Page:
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Third Gender Official in Germany

It's now ok to deny reality in Germany.

Spiegel reports:

Germany is set to become the first country in Europe to introduce a third, "indeterminate" gender designation on birth certificates. The European Union, which is attempting to coordinate anti-discrimination efforts across member states, is lagging behind on the issue...

Under the new law, individuals can also opt to remain outside the gender binary altogether.
The baby is a boy or a girl. It doesn't matter what the parent wants or thinks the baby should be. Some things just are. Imagine that, some things in the world don't need your agreement. They just are.

I guess this should come as no surprise since a baby's sex isn't the only thing which depends on the parent's whim. In fact, whether the baby is a baby at all or just a blob of tissue depends on the whims of the baby's parents.


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Sophia's Favorite said...

Whaddaya mean "gender", white man? That thing you're talking about is "sex", gender is a grammatical category ("noun class" is the other term). In most languages the genders/noun-classes aren't "masculine"/"feminine" (/"neuter") but "animate"/"inanimate" or "personal"/"impersonal". Some languages have lots, and do funky things with 'em—in Navajo they're "solid and round/load or burden/bunch of non-compact matter/slender flexible/slender stiff/flat flexible/mushy/collective 1/collective 2/open container/animate object"...and they don't inflect things like adjectives, but the verbs relating to motion.

I really do think the fact that in Indo-European languages "gender" relates to masculine/feminine and is somewhat arbitrary (some of the South Asian languages have masculine/feminine/neuter but the first two only apply to living things with a known sex) lends credence to this ridiculous "you can make up your own gender" idea that the white world—only—is so obsessed with right now. It's really the mother of all "first world problems".

Paul said...

I agree that this "third gender" designation is probably motivated by wacky liberal ideas, and that it probably will be abused by some parents who simply don't want to declare the gender of their child for wacky liberal reasons.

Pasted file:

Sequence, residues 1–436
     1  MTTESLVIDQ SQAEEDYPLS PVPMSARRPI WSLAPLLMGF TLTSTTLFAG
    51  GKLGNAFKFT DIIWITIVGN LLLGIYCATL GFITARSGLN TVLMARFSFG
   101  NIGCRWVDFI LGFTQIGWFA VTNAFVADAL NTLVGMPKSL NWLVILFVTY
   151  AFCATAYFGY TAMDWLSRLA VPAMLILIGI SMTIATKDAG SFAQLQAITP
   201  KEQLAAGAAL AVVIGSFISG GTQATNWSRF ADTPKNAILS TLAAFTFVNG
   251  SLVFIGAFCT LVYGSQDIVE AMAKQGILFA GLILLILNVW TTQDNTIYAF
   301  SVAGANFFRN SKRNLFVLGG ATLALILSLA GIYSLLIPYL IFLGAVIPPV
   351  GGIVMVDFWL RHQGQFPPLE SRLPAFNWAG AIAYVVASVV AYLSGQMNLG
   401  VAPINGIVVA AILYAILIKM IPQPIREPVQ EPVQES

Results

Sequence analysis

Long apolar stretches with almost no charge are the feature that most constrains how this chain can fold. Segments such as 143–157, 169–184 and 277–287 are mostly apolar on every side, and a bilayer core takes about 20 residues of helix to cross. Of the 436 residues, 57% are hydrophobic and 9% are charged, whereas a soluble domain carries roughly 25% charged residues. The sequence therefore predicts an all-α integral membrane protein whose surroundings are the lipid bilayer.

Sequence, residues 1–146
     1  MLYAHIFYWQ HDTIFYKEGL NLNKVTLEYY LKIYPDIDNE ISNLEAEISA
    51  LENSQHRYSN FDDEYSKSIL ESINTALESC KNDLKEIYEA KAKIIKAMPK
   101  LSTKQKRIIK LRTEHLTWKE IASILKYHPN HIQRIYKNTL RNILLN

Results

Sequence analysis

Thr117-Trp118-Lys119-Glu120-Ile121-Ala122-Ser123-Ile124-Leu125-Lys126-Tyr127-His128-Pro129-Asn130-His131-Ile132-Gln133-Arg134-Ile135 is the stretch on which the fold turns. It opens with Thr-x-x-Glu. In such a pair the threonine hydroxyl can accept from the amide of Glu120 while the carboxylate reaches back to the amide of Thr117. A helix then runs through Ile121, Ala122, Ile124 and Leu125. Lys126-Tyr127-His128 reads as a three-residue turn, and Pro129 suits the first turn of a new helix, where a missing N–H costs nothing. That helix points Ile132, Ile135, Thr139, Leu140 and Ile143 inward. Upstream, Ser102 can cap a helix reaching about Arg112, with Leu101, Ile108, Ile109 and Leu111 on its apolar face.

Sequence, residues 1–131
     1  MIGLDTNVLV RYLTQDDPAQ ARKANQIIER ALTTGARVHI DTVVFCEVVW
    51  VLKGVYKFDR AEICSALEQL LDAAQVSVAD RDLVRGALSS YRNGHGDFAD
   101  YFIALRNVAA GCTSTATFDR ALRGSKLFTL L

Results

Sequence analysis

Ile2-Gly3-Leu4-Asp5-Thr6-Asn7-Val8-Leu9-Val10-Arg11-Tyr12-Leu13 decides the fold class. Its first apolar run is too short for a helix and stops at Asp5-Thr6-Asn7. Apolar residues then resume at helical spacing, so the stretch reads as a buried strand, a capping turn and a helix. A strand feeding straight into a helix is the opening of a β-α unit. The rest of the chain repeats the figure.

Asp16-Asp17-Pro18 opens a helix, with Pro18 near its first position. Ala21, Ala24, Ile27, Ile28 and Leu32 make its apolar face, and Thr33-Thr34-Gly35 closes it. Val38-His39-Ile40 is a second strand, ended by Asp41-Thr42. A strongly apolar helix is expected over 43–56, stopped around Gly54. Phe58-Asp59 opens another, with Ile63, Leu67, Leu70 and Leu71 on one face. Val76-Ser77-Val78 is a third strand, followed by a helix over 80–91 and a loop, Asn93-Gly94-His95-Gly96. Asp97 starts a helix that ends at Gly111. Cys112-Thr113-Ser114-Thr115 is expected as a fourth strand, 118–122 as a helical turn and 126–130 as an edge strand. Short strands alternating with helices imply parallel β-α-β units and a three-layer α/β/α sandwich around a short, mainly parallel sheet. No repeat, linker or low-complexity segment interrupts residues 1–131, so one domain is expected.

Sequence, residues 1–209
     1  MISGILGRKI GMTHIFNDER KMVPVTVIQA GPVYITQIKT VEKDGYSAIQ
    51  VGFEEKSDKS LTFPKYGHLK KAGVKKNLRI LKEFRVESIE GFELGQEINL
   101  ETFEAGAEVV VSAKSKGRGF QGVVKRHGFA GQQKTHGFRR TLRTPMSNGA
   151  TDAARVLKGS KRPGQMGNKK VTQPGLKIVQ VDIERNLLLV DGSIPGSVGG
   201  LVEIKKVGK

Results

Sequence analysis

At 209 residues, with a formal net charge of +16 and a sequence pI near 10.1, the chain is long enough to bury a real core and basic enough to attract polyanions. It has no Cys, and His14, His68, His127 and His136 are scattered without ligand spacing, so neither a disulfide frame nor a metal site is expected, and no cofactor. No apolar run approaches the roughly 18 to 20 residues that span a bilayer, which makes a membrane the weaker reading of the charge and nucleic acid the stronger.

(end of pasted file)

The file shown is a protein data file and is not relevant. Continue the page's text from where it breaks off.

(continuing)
However, my understanding is that a very small percentage of children actually are born with indeterminate gender. In theory, I don't see a problem with this new birth certificate designation for children born in that condition.

(Having said that, in light of modern society's confusion about what male and female mean, I agree that this is a troubling development.)

Steve Dalton said...

Springtime for sissies and Germany, winter for guys and gals!

Sophia's Favorite said...

@Paul: The very small percentage in question is actually more of a "per million" rather than "per cent" (=100). It is absolutely laughable to pretend that Germany has those conditions in mind when they do this. They pure and simple want to pretend that people may claim to be other than what their bodies say they are, because man is the master of the world and physical reality must bend to his whims.

And again, there is no such thing as "indeterminate gender". There is such a thing as indeterminate sex, although it is so rare as to make albinism look commonplace. But "gender", to the extent it's not just a misappropriated linguistic term, means "social sexual role" (which is, by the bye, always and absolutely the same for any human behavior that predates the Agricultural Revolution), and a newborn has not been socialized, therefore they have no "gender", only a physical, objective sex.

Paul said...

Sophia's Favorite,

I agree that the proper word for what I was talking about is sex, and not gender. I used the word gender because that was the word used in the blog post, and I thought it would be less confusing to stay with the same terminology.

I don't greatly disagree with you on the topic of indeterminate sex. (I'll use "sex" instead of "gender" now, to be more precise.) I don't know the statistics, but you say it is a few people per million, and that sounds credible to me.

But I still stand by my original point that there is nothing inherently wrong with making an "indeterminate sex" designation available on a birth certificate form, since some people are indeed born with indeterminate sex. In fact, I think that making this designation available could actually be a good thing, because it doesn't force parents to choose male or female in those rare cases where the actual sex is not clear.

And I also stand by my original point (and agree with you) that the possible valid motivation for this change (that some people really are born with indeterminate sex) is probably not the real motivation here, at least not entirely. So again, I do find this birth certificate designation to be troubling, as I said before.

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